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Last modified on March 22nd, 2024

Logarithm rules are the properties or the identities of the logarithm that are used to simplify complex logarithmic expressions and solve logarithmic equations involving variables. They are derived from the exponent rules, as they are just the opposite of writing an exponent.

Here is the list of all the logarithmic identities.

These rules are used to simplify complex logarithmic expressions and solve logarithmic equations involving variables.

It states that the logarithm of a product is the sum of the logarithms of the numbers being multiplied.

**log**_{b}**(xy) = log**_{b}**(x) + log**_{b}**(y)**

For example, log_{8}(63) = log_{8}(7 Ã— 9) = log_{8}(7) + log_{8}(9)

Now, let us derive this rule.

Let us assume log_{b}(x) = p and log_{b}(y) = q.

Converting the logarithms into exponential forms, we get

b^{p} = x â€¦..(i)

b^{q} = y â€¦..(ii)

Now, by multiplying (i) and (ii), we get

b^{p} Ã— b^{q} = xy

â‡’ b^{p + q} = xy â€¦..(iii)

Converting (iii) into the logarithmic form, we get

log_{b}(xy) = p + q

By putting the values of p and q, we get

**log**_{b}**(xy) = log**_{b}**(x) + log**_{b}**(y)**

It states that the logarithm of the quotient is equal to the difference between the logarithm of the dividend minus the logarithm of the divisor.

**${\log _{b}\left( \dfrac{x}{y}\right) =\log _{b}x-\log _{b}y}$**

For example, ${\log _{6}\left( \dfrac{28}{25}\right) =\log _{6}\left( 28\right) -\log _{6}\left( 25\right)}$

Let us assume log_{b}(x) = p and log_{b}(y) = q.

Converting the logarithms into exponential forms, we get

b^{p} = x â€¦..(i) and b^{q} = y â€¦..(ii)

On dividing (i) by (ii), we get

${\dfrac{b^{p}}{b^{q}}=\dfrac{x}{y}}$

â‡’ ${b^{p-q}=\dfrac{x}{y}}$ â€¦..(iii)

Converting (iii) into the logarithmic form, we get

${\log _{b}\left( \dfrac{x}{y}\right) =p-q}$

By putting the values of p and q, we get

**${\log _{b}\left( \dfrac{x}{y}\right) =\log _{b}x-\log _{b}y}$**

It states that the logarithm of a number raised to a power is the power times the logarithm of the number.

**log**_{b}**(x**^{n}**) = n log**_{b}**x**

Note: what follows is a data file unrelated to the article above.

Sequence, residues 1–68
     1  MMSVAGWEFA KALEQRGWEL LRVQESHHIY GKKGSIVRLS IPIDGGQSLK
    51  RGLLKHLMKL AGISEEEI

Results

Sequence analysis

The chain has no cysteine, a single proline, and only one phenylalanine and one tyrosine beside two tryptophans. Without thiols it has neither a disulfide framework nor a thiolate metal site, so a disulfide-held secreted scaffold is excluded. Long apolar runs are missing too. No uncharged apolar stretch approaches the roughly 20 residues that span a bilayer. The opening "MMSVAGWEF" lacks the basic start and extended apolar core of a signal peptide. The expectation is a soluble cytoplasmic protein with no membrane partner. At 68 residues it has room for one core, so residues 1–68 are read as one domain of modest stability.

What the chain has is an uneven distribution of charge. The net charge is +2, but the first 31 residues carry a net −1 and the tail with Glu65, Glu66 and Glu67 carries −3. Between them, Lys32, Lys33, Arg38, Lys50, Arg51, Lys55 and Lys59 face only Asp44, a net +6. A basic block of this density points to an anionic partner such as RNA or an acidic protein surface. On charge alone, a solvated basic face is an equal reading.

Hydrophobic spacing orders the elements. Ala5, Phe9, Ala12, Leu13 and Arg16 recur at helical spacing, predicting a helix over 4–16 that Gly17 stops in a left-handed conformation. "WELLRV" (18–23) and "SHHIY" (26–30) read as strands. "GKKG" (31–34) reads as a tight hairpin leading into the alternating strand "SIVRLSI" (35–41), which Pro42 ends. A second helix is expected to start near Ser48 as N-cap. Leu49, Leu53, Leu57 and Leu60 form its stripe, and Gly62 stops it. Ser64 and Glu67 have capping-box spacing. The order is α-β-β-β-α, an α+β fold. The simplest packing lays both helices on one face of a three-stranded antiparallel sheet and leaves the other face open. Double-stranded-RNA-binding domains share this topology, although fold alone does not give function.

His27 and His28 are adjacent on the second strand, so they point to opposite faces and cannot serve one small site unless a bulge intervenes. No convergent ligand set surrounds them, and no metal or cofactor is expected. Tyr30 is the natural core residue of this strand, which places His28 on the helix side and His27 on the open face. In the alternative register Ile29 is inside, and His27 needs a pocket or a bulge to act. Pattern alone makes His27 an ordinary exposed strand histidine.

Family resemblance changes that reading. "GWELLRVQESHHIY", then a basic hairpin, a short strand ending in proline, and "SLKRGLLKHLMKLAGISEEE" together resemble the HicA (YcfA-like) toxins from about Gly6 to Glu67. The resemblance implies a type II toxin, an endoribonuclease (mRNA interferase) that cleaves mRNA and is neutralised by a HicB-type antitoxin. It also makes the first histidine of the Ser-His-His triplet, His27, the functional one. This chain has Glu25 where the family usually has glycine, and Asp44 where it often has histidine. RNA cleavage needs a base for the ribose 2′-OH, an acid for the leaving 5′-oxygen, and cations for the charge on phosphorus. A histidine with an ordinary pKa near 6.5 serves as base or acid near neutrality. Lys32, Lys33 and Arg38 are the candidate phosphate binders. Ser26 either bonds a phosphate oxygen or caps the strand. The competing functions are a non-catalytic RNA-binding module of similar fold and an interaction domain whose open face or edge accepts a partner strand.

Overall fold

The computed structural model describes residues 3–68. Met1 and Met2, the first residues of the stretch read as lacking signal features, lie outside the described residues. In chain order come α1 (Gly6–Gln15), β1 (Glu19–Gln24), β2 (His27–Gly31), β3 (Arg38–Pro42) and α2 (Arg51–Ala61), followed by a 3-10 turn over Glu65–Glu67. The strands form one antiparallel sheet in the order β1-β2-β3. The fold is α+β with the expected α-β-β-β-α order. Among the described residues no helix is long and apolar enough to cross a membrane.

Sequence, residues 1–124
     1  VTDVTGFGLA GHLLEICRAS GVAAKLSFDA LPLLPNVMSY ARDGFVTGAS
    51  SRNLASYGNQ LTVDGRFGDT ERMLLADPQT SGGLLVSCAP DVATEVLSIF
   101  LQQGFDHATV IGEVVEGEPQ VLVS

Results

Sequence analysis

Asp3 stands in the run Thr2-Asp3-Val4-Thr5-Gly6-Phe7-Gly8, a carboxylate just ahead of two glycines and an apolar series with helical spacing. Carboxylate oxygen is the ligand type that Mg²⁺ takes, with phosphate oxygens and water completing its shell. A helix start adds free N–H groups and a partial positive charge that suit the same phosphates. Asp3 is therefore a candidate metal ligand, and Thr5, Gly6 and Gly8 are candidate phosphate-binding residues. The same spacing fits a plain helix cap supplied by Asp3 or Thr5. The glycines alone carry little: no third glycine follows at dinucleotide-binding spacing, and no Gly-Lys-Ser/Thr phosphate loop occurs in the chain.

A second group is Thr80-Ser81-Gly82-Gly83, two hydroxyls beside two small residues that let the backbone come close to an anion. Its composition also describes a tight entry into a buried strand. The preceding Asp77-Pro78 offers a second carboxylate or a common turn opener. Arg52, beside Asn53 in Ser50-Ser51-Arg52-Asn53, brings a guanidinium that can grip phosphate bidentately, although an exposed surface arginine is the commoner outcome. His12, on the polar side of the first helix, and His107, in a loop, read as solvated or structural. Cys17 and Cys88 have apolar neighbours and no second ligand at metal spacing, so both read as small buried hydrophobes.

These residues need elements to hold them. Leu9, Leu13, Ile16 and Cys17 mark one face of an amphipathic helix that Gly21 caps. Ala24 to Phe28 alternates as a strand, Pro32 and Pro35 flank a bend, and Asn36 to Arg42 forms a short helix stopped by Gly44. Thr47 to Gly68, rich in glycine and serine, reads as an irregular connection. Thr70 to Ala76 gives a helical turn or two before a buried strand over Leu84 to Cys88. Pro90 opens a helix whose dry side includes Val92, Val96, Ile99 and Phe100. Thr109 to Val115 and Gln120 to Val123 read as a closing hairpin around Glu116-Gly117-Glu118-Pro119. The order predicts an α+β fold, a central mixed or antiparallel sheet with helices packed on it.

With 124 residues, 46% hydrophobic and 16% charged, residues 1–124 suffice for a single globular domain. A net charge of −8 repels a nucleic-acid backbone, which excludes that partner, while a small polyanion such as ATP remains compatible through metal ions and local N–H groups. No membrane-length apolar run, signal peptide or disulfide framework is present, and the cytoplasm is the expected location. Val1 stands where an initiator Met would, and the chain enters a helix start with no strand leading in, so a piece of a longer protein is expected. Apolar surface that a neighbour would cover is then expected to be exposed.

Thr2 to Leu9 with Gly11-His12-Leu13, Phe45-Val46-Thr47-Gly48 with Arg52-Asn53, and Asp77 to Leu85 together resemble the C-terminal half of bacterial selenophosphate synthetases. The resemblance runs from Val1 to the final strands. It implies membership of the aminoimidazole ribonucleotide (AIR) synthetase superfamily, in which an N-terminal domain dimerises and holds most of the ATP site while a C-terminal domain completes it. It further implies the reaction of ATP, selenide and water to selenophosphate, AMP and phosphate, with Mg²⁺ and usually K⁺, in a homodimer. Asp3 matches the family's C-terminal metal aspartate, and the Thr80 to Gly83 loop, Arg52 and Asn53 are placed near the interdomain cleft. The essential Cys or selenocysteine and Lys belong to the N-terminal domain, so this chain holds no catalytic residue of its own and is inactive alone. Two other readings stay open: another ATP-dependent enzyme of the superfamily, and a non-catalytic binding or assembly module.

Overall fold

For example, log_{7}(3^{8}) = 8 log_{7}(3)

Let us assume log_{b}(x) = p

Converting the logarithm into its exponential form, we get

b^{p} = x

Raising the power by n, we get

(b^{p})^{n} = x^{n}

â‡’ b^{np} = x^{n}

Now, converting into the logarithmic form, we get

log_{b}(x^{n}) = np

By putting the value of p, we get

**log**_{b}**(x**^{n}**) = n log**_{b}**(x)**

It states that the logarithm of a given number â€˜xâ€™ to a base â€˜bâ€™ can be expressed as the ratio of the logarithm of â€˜xâ€™ to any other base â€˜câ€™ divided by the logarithm of â€˜bâ€™ to the base â€˜c.â€™

**${\log _{b}x=\dfrac{\log _{c}x}{\log _{c}b}}$**

**â‡’ log**_{b}**x â‹… log**_{c}**b = log**_{c}**x**

For example, log_{4}(15) can be written as ${\dfrac{\log _{c}15}{\log _{c}4}}$, where â€˜câ€™ is any other base.

Let us assume log_{b}(x) = p, log_{c}(x) = r, and log_{c}(b) = s

Converting the logarithms into their exponential forms, we get

b^{p} = x â€¦..(i)

c^{r} = x â€¦..(ii)

c^{s} = b â€¦..(iii)

From (i) and (ii), b^{p} = c^{r} â€¦..(iv)

Substituting the value of (iii) in (iv), we get

(c^{s})^{p} = c^{r}

â‡’ c^{sp} = c^{r}

â‡’ sp = r

â‡’ ${p=\dfrac{r}{s}}$

Now, substituting the values of p, r, and s, we get

**${\log _{b}x=\dfrac{\log _{c}x}{\log _{c}b}}$**

**â‡’ log**_{b}**x â‹… log**_{c}**b = log**_{c}**x, **another form of the rule.

It states that:

1. The logarithm of a base raised to a number is that number.

**${\log _{b}\left( b^{x}\right) =x}$**

2. A base raised to the logarithm of a number is equal to that number.